On the other hand, to recognise that the death penalty may be legitimate as an extreme and exceptional measure is not to acknowledge that it is necessary in the normal conditions of social life. Now it cannot be questioned that in these normal conditions society may defend itself otherwise than by death, as by perpetual seclusion or transportation, the failure of which, by the escape of convicts, is too rare to be decisive against it.

The preventive and deterrent efficacy of the death penalty is very problematical when we examine it not by our own impressions as average human beings, calmly and theoretically, but with the data of criminal psychology, which is its only true sphere of observation. Every one who commits a crime is either carried away by sudden passion, when he thinks of nothing, or else he acts coolly and with premeditation, and then he is determined in his action, not by a dubious comparison between the death penalty and imprisonment for life, but simply by a hope of impunity. This is especially the case with born criminals, whose main psychological characteristic is an excess of improvidence, combined with moral insensibility.

If a convict tells us that he fears death, this merely means that he has the momentary impression, which cannot, however, restrain him from crime, for here again, by the same psychological tendency, he will be subject only to the criminal temptation.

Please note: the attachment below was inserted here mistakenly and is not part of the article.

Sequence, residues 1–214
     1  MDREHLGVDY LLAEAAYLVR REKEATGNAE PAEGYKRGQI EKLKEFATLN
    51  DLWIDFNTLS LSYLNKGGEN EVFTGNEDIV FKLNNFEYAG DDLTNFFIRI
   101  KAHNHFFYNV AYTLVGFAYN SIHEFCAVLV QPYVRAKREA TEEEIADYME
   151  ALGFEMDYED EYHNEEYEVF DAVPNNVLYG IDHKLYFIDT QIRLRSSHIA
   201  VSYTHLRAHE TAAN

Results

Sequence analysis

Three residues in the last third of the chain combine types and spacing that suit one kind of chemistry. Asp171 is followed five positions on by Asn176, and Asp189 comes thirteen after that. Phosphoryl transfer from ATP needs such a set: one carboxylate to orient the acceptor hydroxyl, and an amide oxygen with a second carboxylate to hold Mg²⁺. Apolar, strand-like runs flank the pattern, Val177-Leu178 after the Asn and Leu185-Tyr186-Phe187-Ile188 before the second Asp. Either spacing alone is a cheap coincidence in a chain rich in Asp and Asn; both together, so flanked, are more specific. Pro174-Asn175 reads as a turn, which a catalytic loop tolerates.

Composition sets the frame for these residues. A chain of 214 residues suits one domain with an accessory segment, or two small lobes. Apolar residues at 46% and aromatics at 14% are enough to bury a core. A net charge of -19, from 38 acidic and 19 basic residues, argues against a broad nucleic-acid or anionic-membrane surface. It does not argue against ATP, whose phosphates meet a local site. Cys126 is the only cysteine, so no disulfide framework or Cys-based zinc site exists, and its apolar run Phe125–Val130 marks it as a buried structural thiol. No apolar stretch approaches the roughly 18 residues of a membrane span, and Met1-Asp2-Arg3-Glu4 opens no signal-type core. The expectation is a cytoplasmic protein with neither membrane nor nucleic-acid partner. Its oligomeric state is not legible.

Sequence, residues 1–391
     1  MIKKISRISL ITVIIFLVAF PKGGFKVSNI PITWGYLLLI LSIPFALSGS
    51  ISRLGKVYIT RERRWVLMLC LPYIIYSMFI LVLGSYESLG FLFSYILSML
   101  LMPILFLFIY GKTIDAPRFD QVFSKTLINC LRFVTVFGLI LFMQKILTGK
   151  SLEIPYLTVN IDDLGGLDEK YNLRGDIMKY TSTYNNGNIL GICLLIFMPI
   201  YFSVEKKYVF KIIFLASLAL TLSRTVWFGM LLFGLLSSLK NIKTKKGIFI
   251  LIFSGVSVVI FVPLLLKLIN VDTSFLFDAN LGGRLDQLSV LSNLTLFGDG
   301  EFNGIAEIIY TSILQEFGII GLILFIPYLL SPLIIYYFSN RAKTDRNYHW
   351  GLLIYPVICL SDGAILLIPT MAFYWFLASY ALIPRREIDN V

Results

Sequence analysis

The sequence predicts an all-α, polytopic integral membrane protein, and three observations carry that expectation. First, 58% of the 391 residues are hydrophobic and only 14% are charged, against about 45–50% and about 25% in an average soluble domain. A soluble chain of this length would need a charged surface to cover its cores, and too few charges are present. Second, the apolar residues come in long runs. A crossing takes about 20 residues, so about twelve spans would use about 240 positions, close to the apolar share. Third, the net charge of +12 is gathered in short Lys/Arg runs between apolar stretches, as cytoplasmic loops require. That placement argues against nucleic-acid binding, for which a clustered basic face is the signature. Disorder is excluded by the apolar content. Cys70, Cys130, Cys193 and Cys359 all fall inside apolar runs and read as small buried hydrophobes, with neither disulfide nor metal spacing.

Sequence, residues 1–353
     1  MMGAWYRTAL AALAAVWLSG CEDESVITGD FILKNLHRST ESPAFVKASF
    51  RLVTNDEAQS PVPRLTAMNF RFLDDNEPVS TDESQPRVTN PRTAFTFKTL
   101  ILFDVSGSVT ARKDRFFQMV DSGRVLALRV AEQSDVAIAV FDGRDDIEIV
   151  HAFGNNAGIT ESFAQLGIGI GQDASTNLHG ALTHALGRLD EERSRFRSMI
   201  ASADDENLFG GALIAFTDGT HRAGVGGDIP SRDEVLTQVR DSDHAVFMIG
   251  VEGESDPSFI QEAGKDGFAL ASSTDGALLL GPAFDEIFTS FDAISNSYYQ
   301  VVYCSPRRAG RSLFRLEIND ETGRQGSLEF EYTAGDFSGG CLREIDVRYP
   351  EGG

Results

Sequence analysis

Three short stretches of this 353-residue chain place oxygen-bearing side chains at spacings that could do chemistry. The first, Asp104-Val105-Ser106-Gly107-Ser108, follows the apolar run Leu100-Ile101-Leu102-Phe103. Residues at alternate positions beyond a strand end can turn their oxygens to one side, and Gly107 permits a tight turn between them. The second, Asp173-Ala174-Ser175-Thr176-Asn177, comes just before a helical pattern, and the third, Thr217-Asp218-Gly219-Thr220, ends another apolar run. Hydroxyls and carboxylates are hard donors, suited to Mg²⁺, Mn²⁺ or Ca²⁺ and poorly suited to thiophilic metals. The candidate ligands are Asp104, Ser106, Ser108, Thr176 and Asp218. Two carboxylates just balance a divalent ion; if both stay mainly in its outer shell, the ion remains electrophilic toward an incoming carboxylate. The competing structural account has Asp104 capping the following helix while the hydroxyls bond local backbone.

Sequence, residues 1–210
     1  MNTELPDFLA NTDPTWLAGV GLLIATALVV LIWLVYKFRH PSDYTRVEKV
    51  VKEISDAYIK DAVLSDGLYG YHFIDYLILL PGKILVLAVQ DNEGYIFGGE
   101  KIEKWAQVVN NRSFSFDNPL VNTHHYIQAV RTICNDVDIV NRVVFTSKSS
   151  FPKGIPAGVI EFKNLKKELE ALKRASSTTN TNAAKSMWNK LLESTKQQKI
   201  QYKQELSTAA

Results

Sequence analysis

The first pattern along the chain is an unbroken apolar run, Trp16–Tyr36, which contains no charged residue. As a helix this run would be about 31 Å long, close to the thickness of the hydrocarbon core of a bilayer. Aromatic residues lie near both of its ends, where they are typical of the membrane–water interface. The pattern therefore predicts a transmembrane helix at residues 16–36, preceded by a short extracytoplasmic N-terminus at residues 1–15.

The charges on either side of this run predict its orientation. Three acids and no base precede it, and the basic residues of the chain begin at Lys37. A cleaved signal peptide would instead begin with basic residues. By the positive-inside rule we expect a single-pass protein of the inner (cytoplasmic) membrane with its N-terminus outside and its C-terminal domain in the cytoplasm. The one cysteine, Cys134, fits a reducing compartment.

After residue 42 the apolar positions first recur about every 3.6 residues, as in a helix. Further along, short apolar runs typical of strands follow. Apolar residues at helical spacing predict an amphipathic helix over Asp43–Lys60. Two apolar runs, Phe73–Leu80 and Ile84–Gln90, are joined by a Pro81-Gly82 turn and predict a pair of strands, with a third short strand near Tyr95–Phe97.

And if it is true that, when the criminal has been tried and condemned, he fears death more than imprisonment for life (always excepting condemned suicides, and those who by their physical and moral insensibility laugh at death up to the foot of the scaffold), it is none the less necessary to try and to condemn them.

Indeed statistics prove that the periodic variations of the more serious crimes is independent of the number of condemnations and executions, for they are determined by very different causes. Tuscany, where there has been no death penalty for a century, is one of the provinces with the lowest number of serious crimes; and in France, in spite of the increase of general crime and of population, charges of murder, poisoning, parricide, and homicide, dropped from 560 in 1826 to 430 in 1888, though the number of executions diminished in the same period from 197 to 9.